Following the decision in October to dispose of its directly operated International businesses, being Norway, Sweden, Switzerland and Iceland, the trading results of these businesses, together with International central costs, have been classified as discontinued operations and excluded from underlying results.

Combined, the group’s discontinued International businesses generated £100.7m system sales (down from £104.1m) and a trading loss of £20.8m.

Overall impairment and restructuring charges of £35.4m were also recorded in discontinued operations.

Including taxation and the loss from the International discontinued operations, profit for year was £2.8m, compared to £43.9m in 2018.

CEO David Wild commented: “Our core UK & Ireland business continues to deliver a solid trading result, with UK like-for-like sales up 3.7%. Our digital capabilities continue to fuel this growth, with online sales up 8.8%. Collection also saw a good performance, up 5.3%, and this remains a significant opportunity for us going forward. I would like to thank my colleagues across all our markets, together with our franchisee partners, for their continued hard work and passion for the Domino’s brand.

“In February we were pleased to announce a disposal of our Norwegian business which is subject to shareholder approval, and we expect this to complete by the end of May. We continue to prioritise transactions for our remaining International businesses, although expect that these may take some time as we ensure that we find the best owners for these businesses.”

Stevia producer PureCircle (PURE) has updated the market in the accounting irregularities it identified towards the end of 2019.

It said the investigation work by KPMG LLP to identify possible accounting irregularities and omissions, and to quantify the necessary adjustments to be made to the accounts is now complete.

The investigations relating to the classification and valuation of certain inventory items identified errors that had not been identified by monitoring controls. In line with the guidance, those issues have had the cumulative effect of reducing inventory by approximately US$23, and consequently increasing cost of goods sold by the same amount, spread across financial years 2018 and 2019, with potentially a relatively modest adjustment to 2017.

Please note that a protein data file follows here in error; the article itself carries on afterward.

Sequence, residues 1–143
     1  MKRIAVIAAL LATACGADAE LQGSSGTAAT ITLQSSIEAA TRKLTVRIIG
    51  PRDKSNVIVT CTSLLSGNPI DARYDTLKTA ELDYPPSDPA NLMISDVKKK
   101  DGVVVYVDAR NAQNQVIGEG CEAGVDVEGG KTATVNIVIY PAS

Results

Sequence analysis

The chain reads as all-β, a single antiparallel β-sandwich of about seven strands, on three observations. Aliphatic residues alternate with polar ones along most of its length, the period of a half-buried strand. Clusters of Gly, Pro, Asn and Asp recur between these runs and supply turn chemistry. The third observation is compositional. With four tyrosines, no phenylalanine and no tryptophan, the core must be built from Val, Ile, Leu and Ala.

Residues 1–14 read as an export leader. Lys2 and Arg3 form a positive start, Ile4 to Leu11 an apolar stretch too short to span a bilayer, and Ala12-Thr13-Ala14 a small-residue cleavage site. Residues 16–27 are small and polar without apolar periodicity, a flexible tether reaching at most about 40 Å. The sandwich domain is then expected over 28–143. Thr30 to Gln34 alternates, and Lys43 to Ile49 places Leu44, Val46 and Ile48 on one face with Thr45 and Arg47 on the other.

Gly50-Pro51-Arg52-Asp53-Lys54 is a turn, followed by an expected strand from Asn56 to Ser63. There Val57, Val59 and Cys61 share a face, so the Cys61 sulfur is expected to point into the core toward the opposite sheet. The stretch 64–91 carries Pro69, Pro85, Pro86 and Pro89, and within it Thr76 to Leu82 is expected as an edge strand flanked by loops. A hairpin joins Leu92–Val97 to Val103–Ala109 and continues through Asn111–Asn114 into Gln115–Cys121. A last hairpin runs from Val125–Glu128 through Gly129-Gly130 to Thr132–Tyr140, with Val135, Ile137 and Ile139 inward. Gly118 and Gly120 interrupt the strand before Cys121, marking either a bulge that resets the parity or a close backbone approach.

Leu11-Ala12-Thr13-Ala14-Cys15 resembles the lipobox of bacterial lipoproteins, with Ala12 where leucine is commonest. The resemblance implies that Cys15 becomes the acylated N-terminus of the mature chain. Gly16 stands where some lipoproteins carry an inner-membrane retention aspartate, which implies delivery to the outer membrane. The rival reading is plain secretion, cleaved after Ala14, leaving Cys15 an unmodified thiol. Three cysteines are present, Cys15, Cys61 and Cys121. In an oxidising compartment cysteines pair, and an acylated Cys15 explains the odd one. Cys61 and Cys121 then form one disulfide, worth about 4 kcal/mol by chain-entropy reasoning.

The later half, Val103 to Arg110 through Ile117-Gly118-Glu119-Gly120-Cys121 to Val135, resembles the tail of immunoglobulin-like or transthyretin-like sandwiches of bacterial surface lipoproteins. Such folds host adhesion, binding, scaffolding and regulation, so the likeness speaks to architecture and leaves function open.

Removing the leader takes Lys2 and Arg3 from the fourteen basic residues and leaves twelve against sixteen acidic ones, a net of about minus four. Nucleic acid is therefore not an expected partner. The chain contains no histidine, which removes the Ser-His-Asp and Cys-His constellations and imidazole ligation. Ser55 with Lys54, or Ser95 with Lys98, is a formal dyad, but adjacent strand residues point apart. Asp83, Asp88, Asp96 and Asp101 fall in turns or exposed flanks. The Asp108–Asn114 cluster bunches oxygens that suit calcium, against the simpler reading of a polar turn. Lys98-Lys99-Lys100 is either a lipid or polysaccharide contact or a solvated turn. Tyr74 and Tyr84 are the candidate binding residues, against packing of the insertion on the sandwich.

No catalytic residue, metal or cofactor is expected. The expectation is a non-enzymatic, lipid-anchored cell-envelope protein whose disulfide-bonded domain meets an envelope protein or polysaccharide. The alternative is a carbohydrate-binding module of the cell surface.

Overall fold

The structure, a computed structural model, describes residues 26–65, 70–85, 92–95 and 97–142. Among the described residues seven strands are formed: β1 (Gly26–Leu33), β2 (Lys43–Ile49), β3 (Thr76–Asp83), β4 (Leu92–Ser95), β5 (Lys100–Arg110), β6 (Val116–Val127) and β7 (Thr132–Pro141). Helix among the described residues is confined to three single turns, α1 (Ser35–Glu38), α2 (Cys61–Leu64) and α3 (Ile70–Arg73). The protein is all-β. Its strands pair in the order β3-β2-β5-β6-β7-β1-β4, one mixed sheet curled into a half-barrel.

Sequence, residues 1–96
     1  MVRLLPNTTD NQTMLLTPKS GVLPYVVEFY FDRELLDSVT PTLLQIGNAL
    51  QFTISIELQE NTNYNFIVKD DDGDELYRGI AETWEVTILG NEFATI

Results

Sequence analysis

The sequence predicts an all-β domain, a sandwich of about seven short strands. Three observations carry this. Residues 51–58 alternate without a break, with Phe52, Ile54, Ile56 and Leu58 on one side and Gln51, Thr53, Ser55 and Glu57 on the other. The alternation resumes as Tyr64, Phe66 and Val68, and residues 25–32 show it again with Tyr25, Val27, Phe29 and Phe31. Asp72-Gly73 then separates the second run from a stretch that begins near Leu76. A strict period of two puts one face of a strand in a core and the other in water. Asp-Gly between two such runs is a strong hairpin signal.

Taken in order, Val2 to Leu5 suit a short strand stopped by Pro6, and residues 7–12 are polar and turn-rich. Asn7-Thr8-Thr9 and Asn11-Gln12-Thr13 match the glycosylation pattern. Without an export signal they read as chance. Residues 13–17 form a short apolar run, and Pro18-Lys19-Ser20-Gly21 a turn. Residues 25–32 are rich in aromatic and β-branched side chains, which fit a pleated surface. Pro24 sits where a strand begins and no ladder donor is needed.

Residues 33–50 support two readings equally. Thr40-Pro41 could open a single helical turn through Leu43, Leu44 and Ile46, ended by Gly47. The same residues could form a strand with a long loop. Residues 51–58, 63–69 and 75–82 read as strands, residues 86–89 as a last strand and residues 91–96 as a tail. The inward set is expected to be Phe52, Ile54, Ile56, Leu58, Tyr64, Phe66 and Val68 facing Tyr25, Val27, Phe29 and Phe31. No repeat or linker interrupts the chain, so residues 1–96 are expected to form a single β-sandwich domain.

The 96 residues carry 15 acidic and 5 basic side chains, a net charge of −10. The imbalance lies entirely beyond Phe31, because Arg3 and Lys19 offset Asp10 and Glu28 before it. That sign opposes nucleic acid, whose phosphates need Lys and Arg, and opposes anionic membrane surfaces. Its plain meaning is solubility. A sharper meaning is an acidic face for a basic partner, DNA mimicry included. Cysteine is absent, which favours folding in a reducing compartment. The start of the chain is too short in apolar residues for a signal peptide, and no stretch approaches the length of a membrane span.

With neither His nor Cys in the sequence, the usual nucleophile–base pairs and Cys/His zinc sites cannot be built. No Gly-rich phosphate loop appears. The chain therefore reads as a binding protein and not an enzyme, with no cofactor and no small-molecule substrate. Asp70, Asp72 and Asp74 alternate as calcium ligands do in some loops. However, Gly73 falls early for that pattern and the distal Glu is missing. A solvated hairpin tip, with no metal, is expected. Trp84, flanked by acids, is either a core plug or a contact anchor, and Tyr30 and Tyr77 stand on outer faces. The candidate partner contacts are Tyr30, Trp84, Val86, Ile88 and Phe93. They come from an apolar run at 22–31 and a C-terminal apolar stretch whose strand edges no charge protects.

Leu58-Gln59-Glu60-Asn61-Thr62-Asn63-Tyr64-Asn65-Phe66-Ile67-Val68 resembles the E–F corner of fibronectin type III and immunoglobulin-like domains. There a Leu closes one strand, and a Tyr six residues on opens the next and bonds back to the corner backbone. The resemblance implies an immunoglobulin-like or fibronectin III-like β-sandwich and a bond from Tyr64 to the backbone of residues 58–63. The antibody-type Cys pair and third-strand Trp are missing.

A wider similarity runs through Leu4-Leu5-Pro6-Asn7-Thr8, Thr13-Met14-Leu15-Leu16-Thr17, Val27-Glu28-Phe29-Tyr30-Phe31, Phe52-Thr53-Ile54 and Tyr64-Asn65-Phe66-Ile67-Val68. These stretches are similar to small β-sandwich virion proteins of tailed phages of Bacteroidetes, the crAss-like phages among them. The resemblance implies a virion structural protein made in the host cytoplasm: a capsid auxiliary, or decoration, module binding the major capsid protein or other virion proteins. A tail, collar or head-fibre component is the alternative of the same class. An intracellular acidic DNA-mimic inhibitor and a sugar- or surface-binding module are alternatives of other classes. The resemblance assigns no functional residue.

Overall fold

Separately, during the course of work of KPMG and PricewaterhouseCoopers, matters of concern were identified in relation to how certain other transactions had been constructed and/or reflected in the group’s accounting records. These matters relate to revenue cut-off, and non-commercial transactions.

The investigations identified apparent override of controls by members of senior management that may have contributed to the historical misstatements of the company’s results going undetected. As a result, adjustments with the effect of reducing sales of approximately US$5.9m and US$2.2m have been made to the 2018 and 2017 financial results respectively.

The company does not expect these amounts to change materially in its audited financial statements for the year ended 30 June 2019, but still subject to any further audit adjustments, and yet to be signed off by the group’s auditors, PricewaterhouseCoopers.

Meanwhile, it announced James Ritchie, chief restructuring officer has left the company “having completed the assignment he was engaged to deliver”.

Origin Enterprises (OGN) has reported a 13.8% plunge in first half revenues in the six months to 31 January.

Group revenues decreased by 13.8% to €604.9m in the period, leading to an operating loss of €2.8 million in the first half of the year.

Underlying profits fell to €11.4m, principally reflecting a 25.6% reduction in business volumes in Ireland and the UK, due to lower autumn and winter crop plantings

Continental Europe and Latin America divisions performing in line with expectations. However, strong working capital performance in Continental Europe was offset by higher working capital in Ireland and the UK as a result of lower sales.